Centos 5.4: How do I manage ftp space from command line.

I would like to manage some FTP space that is only accessible from my server. I don't want to install anything new. I just want to use the standard FTP command.

ie:

#ftp
ftp>

Could you show me how to (from the command line):

1. Login to the ftp account
2. Get a list of files and directories
3. Create a directory called "backups"
4. Download a file from the backups directory.
5. Upload a file to the backups directory.

Kind Regards,

Adrian Smith
AdrianSmithUKAsked:
Who is Participating?
 
JelcinConnect With a Mentor Commented:
You have to distinguish between the shell on your linux computer and the ftp command line you call within your linux shell.

To go to the directory of your choice (with your linux shell) on your local machine you just need four commands.

1. ls (list the content of the directory you are currently in)
2. cd (go to one of the directories within your directory you are currently in)
3. cd .. ( go one directory backwards )
4. pwd (prints the directory tree you are currently in)

so if you are in "/home/fred" (check by typing "pwd") directory and there is a directory called "download" in your /home/fred/ directory you can change to the "download" directory by typing "cd download". Than your current directory should be "/home/fred/download". If you want to go back in your directory tree just type "cd .." and you will be back in "/home/fred".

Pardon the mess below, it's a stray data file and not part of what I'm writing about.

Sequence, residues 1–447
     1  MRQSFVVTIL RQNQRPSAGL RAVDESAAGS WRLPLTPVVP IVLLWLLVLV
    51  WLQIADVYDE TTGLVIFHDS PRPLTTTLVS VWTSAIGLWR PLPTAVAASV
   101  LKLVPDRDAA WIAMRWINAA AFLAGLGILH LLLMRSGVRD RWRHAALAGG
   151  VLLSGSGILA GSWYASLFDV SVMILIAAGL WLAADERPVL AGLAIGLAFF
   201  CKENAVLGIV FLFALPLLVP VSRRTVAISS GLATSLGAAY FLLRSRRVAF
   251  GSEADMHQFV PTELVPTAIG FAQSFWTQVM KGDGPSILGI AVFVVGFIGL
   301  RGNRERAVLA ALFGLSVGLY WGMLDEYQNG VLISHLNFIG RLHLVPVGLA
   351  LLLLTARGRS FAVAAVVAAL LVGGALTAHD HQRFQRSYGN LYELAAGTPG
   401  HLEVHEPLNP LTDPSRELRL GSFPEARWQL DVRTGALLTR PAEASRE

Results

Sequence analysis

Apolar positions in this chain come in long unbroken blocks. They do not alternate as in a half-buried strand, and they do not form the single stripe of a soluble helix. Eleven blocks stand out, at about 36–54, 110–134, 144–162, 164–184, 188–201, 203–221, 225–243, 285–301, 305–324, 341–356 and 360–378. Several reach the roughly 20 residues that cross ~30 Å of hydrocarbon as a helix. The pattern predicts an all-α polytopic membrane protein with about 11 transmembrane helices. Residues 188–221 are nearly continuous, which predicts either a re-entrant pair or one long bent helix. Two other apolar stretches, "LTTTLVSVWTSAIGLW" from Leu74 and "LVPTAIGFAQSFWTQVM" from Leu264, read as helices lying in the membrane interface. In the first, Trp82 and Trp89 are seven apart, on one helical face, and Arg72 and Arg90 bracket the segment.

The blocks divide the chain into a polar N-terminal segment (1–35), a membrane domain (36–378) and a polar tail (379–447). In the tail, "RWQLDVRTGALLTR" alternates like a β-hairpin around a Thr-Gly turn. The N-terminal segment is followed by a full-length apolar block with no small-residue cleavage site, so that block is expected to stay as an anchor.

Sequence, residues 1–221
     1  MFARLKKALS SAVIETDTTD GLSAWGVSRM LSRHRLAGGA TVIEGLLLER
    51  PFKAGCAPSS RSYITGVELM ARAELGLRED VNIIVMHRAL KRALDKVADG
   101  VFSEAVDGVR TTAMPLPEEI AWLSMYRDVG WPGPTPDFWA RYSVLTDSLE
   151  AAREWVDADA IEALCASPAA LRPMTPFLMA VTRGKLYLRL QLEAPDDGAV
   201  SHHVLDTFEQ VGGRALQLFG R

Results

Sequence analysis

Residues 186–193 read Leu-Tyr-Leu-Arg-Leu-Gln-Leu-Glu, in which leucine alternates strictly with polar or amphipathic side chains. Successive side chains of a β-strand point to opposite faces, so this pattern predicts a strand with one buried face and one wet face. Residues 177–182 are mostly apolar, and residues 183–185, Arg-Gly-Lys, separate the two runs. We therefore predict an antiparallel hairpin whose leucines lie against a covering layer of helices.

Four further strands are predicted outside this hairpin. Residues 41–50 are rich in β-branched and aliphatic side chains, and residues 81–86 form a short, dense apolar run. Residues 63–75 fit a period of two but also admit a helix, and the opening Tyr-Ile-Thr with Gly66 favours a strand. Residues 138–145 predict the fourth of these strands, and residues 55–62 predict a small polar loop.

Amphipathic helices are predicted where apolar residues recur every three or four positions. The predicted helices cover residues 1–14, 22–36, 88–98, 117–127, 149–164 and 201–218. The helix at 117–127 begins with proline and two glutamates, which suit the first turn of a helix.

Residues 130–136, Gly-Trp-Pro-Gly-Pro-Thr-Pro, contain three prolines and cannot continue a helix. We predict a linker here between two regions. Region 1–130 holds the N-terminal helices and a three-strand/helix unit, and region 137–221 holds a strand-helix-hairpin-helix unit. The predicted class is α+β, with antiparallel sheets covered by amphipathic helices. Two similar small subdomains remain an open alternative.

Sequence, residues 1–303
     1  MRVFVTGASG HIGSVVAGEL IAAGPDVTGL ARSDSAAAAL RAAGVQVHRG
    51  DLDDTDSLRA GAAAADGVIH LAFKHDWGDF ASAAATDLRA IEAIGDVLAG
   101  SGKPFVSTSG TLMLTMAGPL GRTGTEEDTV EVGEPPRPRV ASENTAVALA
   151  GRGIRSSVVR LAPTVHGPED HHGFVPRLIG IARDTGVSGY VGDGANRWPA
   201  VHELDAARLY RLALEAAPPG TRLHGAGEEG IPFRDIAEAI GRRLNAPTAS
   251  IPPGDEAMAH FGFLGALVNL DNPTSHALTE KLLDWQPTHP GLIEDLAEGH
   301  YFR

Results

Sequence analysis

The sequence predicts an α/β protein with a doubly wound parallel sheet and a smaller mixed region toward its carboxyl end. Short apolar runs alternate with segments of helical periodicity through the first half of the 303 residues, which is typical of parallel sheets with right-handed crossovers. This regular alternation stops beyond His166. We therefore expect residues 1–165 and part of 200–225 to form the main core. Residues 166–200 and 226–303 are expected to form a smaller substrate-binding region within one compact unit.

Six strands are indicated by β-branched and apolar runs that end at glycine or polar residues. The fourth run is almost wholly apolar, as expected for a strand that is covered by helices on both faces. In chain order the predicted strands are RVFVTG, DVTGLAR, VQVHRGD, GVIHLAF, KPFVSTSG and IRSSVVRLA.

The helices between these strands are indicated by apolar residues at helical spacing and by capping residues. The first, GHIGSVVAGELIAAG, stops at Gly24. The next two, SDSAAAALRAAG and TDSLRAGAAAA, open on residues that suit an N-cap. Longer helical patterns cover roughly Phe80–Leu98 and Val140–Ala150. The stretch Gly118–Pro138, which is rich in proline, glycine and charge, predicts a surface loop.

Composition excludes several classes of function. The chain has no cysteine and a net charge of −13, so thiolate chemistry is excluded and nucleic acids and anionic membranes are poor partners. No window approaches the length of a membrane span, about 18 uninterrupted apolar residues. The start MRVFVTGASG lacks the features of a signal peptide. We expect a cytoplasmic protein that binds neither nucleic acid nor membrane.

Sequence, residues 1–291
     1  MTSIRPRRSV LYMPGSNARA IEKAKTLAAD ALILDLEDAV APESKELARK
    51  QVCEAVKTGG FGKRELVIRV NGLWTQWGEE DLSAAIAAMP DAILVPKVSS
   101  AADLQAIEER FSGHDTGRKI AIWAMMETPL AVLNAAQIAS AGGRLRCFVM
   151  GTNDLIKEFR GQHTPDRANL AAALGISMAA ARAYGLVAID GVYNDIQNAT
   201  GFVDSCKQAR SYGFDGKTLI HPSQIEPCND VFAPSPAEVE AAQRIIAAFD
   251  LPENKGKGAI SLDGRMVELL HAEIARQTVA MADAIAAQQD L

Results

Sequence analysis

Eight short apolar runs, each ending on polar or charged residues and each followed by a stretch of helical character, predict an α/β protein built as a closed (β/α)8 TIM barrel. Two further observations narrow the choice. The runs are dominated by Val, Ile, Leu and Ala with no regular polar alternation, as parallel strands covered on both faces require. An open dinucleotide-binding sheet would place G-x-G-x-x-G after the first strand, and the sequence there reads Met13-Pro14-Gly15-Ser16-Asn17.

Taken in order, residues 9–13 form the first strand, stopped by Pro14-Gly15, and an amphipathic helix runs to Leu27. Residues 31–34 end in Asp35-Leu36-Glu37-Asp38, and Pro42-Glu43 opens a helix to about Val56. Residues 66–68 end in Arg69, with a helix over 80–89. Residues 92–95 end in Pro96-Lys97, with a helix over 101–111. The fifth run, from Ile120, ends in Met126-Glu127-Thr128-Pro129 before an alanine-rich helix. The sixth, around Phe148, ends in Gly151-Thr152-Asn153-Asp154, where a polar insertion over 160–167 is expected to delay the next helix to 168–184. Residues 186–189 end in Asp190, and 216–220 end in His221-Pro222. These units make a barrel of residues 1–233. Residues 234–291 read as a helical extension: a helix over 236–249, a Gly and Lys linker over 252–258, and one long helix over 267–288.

So first you need to go to the directory of your choice on your local machine (where you would like to store the files to be downloaded).
Than you can call the ftp command line, connect to the ftp server and download the file you need to.
The file will then be downloaded to the local directory you was in before you called the ftp command line.

Below is a log of my linux shell doing the described above...


 shell-log
0
 
JelcinCommented:
1. ftp [ipadress]
2. dir
3. mkdir backups
4. cd backups
5. get [file-from-ftp-directory]
6. put [file-from-local-directory]

for help type "help"
for more instructions on ftp type in the shell "man ftp"
0
 
Kerem ERSOYPresidentCommented:
Hi,

Yu can use vsftpd install it with this command:

yum install vsftpd

After the install is complete you can start it:

service vsftpd start

if you want to run it after reboot autoatically

chckonfig vsftpd on

once it is active you vcan ftp it from a remote host:

ftp your_cents_system

it will respond with user and pass prompts fill in the user information .

once you've logged on you will have a promt such as this:

ftp>

enter :

ls

and you'll get a listing of remote directory.

lls

will show you the contents of the current directory at your local system where you run ftp client.

mkdir backup

will create a directory called backup at the remote host

cd backup

will change your remote directory to newly created backup directory.

binary

will set your ftp to binary mode. (some ftp clients default to text mode which might disrupt binary content)

put filename


will send the file to the remote host


get filename


will get the file from the remote server.